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Citation Context ...anar graphs with slightly super-linear preprocessing space. The best bound in this context appears in [8]. Algorithms for approximate shortest paths that use preprocessing have been studied; see e.g. =-=[2, 23, 39]-=-. Some of the work on exact algorithms with preprocessing includes [14, 16, 15, 18, 19, 24, 27, 29, 32–35, 40]. Here we address only the approaches based on A ∗ search with landmark-based lower bounds... |

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Citation Context ...linear time bounds, and in practice, where running times are within a small constant factor of the breadth-first search time. The P2P problem with no preprocessing has been addressed, for example, in =-=[21, 31, 36, 42]-=-. With preprocessing, no nontrivial theoretical bound is known for the general P2P problem, but there are non-trivial results for the special case of undirected planar graphs with slightly super-linea... |

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Citation Context ...anar graphs with slightly super-linear preprocessing space. The best bound in this context appears in [8]. Algorithms for approximate shortest paths that use preprocessing have been studied; see e.g. =-=[2, 23, 39]-=-. Some of the work on exact algorithms with preprocessing includes [14, 16, 15, 18, 19, 24, 27, 29, 32–35, 40]. Here we address only the approaches based on A ∗ search with landmark-based lower bounds... |

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Citation Context ... the reverse graph, the graph with every arc reversed and obtain a shortest path as the reversal of the path found. One can combine the forward and the reverse algorithms. The bidirectional algorithm =-=[3, 7, 30]-=- alternates between running the two algorithms, each maintaining its own set of distance labels. Let ds(v) and dt(v) be the distance labels of v maintained by the forward and the reverse algorithms, r... |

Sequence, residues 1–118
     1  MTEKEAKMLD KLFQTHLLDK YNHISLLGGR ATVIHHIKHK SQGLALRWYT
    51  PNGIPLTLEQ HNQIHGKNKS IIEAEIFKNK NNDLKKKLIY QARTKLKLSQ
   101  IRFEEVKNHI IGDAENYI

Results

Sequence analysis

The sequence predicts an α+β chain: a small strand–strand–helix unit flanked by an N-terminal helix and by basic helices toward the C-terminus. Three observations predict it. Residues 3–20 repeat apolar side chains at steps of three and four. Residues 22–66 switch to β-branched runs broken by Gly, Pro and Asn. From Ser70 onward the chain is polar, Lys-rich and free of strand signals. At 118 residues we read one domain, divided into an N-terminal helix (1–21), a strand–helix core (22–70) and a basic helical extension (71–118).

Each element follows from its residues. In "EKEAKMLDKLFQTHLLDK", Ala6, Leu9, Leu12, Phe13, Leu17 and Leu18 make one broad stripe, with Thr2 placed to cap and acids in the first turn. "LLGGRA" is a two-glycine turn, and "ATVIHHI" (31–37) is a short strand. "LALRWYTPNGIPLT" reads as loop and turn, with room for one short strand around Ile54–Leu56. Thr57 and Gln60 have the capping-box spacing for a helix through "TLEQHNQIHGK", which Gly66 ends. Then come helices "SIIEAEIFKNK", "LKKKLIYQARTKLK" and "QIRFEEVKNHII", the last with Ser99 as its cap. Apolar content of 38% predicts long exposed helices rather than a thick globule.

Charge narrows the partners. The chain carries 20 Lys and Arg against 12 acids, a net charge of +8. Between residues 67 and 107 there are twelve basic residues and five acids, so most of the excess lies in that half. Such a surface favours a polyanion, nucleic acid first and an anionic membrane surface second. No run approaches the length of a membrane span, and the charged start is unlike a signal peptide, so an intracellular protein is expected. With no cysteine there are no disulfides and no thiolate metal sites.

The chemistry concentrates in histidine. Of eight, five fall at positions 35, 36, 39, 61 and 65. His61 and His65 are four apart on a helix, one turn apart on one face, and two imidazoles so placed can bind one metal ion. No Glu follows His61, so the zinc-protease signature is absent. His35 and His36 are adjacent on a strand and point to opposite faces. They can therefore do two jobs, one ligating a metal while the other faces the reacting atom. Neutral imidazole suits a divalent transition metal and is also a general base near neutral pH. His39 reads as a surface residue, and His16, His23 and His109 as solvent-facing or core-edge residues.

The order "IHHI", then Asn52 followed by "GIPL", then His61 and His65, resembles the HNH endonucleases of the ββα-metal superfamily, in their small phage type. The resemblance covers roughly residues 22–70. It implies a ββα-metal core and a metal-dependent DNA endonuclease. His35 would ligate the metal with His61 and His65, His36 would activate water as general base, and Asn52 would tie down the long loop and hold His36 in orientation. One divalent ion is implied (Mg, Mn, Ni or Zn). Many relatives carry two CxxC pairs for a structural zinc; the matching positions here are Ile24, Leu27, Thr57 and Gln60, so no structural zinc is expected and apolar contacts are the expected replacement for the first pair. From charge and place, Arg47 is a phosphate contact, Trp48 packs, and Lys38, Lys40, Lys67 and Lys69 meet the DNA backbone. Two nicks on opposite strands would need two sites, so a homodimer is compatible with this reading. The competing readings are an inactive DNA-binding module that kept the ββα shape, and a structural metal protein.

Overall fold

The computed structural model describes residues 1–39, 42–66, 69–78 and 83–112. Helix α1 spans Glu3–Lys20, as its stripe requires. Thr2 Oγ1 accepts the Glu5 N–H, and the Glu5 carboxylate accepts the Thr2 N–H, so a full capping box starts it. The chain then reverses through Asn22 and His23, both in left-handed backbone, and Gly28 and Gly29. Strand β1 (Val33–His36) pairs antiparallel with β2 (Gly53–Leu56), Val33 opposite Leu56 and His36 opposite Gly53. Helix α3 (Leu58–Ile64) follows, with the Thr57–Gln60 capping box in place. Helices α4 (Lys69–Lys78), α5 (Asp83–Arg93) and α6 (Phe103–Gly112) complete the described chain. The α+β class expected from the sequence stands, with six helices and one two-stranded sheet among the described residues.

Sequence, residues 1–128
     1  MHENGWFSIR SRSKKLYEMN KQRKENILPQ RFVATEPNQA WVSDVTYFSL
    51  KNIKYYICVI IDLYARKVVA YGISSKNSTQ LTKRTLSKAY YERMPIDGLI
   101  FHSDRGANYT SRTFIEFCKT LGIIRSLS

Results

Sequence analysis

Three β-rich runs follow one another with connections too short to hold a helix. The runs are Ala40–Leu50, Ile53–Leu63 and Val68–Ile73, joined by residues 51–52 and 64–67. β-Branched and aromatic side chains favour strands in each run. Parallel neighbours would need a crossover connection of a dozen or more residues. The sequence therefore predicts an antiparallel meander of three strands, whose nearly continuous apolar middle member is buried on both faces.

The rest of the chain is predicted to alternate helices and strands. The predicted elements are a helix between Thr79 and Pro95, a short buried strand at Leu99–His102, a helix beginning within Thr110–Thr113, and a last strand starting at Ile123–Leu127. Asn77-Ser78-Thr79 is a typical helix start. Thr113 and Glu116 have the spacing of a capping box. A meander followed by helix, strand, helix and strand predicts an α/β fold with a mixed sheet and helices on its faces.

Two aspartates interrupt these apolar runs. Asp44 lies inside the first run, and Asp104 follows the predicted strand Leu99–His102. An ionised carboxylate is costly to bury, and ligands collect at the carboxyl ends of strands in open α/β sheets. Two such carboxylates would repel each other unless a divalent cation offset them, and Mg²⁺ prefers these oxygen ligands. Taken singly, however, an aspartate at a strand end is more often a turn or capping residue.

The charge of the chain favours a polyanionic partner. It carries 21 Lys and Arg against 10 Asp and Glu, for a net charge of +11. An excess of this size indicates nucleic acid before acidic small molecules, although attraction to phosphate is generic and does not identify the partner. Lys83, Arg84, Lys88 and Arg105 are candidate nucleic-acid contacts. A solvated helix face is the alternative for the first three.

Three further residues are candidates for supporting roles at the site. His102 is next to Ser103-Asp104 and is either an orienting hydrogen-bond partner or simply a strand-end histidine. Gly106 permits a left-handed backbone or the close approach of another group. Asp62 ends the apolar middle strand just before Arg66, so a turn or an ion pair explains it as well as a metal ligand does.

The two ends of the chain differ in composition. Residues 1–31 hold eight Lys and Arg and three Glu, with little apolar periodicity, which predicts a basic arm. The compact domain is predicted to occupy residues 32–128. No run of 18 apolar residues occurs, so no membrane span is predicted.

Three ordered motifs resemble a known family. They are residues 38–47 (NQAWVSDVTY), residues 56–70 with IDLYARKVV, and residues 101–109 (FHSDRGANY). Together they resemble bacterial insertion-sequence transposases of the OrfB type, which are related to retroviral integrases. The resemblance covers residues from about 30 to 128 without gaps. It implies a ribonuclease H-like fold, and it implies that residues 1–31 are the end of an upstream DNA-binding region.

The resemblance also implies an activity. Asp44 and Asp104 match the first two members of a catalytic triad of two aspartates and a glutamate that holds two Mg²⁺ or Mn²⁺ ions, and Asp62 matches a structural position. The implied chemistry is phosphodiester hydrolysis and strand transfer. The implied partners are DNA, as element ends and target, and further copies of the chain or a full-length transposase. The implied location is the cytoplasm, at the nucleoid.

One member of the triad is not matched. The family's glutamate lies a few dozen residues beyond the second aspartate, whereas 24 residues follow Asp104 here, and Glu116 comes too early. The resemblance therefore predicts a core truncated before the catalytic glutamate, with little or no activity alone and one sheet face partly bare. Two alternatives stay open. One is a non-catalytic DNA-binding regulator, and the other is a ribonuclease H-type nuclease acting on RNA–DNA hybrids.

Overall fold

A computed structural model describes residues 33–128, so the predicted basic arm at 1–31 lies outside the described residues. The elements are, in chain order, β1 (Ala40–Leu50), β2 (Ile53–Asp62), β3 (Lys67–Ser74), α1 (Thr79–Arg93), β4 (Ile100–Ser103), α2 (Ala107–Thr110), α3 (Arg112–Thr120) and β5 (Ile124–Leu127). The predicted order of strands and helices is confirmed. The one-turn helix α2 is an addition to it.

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Citation Context ...ncludes [14, 16, 15, 18, 19, 24, 27, 29, 32–35, 40]. Here we address only the approaches based on A ∗ search with landmark-based lower bounds [14, 18], the notion of reach [19], and their combination =-=[16, 15]-=-. For a related highway hierarchy approach, see [32, 33]. The paper is organized as follows. We give definitions and background in Section 2. Section 3 reviews A ∗ search and describes its landmark-ba... |

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Citation Context ...linear time bounds, and in practice, where running times are within a small constant factor of the breadth-first search time. The P2P problem with no preprocessing has been addressed, for example, in =-=[21, 31, 36, 42]-=-. With preprocessing, no nontrivial theoretical bound is known for the general P2P problem, but there are non-trivial results for the special case of undirected planar graphs with slightly super-linea... |

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Citation Context ... that we can think of π(v) as a lower bound on the distance from v to t. The second lemma allows us to combine feasible lower bound functions to obtain a better one. 3 A ∗ Search The A∗ search method =-=[6, 20]-=- was originally designed to speed up search in large, sometimes implicitly represented, graphs, such as game graphs. This algorithm is also known as heuristic search or goal-directed search. The idea ... |

8 |
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Citation Context ...e we address only the approaches based on A ∗ search with landmark-based lower bounds [14, 18], the notion of reach [19], and their combination [16, 15]. For a related highway hierarchy approach, see =-=[32, 33]-=-. The paper is organized as follows. We give definitions and background in Section 2. Section 3 reviews A ∗ search and describes its landmark-based implementation, alt. Section 4 introduces the concep... |